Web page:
The acronym PIT Tag stands for “Passive Integrated Transponder” Tag, but what does this really mean?
It all started in 1935 when Scottish physicist Sir Robert Watson-Watt developed a system to warn of approaching planes while they were still miles away. Since then a lot has changed and allowed researchers to do many great things with RF technology.
For simplicity lets break down the PIT tag into three components:
This means the transponder does not need a battery. The transponder gets its power from a larger power coil excites the coil inside the transponder providing enough power to power the circuit that allows the microchip to turn on and broadcast the unique identification information.
This is the combination of the microchip, coil, and information in the form of a Unique Identification number programmed onto the microchip inside the transponder.
Simply means a device that emits an identifying signal in response to an interrogating received signal.
In basic terms a PIT Tag is short for an implantable transponder used for unique identification of an individual item. PIT tags are perfectly suited for wildlife such as fish, birds, reptiles, or mammals because of their size, biocompatibility, as well as their frequency that they transmit their information. In order to transmit through liquid and biological tissue we need a “LF” low frequency gaged in “mHz”. Any higher frequency the transition of the signal is lost in these fluids and It would not be read.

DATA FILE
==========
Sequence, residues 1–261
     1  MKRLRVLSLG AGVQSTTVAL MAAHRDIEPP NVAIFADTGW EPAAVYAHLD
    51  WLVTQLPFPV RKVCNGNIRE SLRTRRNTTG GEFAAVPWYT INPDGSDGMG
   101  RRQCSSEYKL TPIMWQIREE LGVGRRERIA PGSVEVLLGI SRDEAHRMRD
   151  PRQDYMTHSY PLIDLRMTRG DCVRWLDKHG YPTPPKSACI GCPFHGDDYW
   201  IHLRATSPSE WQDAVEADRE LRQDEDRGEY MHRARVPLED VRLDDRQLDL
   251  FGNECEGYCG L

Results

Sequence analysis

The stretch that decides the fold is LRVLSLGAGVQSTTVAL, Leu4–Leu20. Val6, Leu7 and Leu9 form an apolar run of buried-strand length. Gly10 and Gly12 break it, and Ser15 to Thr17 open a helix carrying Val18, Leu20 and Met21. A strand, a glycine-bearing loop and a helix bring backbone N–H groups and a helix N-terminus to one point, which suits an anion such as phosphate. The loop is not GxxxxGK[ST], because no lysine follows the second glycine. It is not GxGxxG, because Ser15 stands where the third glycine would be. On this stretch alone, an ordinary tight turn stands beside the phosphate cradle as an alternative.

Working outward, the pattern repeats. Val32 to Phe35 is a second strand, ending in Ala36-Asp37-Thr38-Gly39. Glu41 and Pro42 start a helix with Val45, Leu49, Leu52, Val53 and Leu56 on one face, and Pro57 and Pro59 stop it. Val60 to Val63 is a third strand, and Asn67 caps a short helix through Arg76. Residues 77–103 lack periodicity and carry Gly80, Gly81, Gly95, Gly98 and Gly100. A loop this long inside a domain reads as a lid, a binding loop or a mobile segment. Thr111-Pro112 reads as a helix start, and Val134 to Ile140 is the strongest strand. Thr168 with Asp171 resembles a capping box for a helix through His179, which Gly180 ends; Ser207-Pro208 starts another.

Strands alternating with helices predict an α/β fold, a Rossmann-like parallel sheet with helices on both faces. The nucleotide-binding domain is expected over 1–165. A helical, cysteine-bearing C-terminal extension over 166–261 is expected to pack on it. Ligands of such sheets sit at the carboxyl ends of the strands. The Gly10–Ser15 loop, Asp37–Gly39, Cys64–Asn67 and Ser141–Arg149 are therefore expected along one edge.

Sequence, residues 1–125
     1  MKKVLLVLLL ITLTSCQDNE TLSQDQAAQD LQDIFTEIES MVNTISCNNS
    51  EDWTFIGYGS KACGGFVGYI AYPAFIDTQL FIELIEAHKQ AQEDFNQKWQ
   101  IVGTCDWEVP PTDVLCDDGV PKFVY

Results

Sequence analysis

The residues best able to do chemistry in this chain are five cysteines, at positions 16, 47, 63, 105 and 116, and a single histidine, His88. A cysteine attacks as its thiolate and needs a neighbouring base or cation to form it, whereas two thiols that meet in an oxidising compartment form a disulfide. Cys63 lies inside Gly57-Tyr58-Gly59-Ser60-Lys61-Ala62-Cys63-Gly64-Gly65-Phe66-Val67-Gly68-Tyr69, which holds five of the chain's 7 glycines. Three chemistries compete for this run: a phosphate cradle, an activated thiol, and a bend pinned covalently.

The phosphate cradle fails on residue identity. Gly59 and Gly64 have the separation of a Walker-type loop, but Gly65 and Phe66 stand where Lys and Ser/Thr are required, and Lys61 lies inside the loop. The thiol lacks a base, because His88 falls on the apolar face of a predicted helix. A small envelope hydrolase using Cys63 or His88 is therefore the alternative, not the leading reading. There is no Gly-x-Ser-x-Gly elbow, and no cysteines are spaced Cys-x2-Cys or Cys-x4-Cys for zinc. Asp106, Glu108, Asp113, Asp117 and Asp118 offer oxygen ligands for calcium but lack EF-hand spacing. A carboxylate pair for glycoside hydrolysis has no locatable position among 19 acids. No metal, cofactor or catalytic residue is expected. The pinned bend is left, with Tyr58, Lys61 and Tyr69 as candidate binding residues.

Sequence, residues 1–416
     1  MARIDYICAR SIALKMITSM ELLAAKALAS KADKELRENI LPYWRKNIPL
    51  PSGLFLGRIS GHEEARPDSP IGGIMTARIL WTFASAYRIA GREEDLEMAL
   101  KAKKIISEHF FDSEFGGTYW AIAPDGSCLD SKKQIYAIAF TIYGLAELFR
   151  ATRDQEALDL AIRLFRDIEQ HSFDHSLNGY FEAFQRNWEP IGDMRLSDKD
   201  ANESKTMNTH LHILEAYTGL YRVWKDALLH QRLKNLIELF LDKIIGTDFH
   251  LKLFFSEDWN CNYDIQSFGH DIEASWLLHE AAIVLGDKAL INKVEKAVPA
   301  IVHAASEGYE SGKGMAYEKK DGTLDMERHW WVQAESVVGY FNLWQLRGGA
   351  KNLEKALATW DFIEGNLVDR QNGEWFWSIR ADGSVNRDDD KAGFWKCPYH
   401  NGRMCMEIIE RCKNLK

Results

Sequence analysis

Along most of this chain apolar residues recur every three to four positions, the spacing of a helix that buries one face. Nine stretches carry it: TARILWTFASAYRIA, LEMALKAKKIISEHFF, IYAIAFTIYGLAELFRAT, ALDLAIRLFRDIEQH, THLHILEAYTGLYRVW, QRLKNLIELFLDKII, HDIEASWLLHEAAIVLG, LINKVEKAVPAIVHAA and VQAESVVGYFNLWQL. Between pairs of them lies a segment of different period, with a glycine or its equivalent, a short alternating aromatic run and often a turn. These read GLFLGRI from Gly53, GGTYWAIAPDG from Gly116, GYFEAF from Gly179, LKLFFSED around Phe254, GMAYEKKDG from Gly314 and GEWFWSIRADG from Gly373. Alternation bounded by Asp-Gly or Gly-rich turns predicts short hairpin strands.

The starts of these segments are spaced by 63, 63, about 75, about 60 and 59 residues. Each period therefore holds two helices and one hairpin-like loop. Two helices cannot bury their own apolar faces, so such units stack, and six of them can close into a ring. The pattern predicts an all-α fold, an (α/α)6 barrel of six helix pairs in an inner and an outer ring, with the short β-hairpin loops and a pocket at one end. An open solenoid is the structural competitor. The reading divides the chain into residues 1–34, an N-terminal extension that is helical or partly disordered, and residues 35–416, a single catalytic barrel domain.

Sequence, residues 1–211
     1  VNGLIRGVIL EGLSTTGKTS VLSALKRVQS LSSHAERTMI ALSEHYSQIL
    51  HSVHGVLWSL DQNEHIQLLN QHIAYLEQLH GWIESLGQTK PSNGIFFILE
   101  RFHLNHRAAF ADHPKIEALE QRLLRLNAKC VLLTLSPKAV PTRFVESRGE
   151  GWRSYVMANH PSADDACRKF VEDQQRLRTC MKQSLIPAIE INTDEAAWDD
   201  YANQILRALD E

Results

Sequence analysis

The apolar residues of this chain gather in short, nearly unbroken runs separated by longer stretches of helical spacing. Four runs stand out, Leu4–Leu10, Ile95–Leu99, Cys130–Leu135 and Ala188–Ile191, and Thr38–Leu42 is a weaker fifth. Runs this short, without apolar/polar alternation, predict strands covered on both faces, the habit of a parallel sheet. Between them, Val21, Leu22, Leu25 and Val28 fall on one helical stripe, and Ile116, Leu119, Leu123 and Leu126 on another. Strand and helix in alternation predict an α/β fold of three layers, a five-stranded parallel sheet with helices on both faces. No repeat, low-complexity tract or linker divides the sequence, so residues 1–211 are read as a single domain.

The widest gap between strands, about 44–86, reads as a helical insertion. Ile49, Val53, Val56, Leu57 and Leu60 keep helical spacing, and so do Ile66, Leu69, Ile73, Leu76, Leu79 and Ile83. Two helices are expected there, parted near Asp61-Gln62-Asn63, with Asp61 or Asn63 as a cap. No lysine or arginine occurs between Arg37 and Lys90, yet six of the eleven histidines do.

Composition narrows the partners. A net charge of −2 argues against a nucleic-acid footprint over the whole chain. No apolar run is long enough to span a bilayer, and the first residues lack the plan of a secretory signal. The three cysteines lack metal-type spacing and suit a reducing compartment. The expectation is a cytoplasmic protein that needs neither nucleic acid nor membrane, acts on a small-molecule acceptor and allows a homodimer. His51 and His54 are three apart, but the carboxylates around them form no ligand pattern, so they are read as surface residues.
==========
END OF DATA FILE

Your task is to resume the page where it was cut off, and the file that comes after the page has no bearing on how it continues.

PIT tags are offered in sizes for all species with the standard size being 2.1mm x 12mm. This provides a perfect size with good read range.
Recently there has been a move to standardize the communication and how the tags “talk” to the readers. FDX-B is now becoming the standard for this communication protocol. In the 90’s many companies tried to create “lock” on the transponders by using a propriety protocol. Good for the manufacture but bad for the researchers. Standardizing at FDX-B and 134.2 kHz allows for easy and hassle free reading of all microchips. Being that they will last for 15+ years a standard has to be set.
For questions pertaining to research projects or just information on PIT Tags give UID a call at 1.224.444.8484 or email us at email@example.com.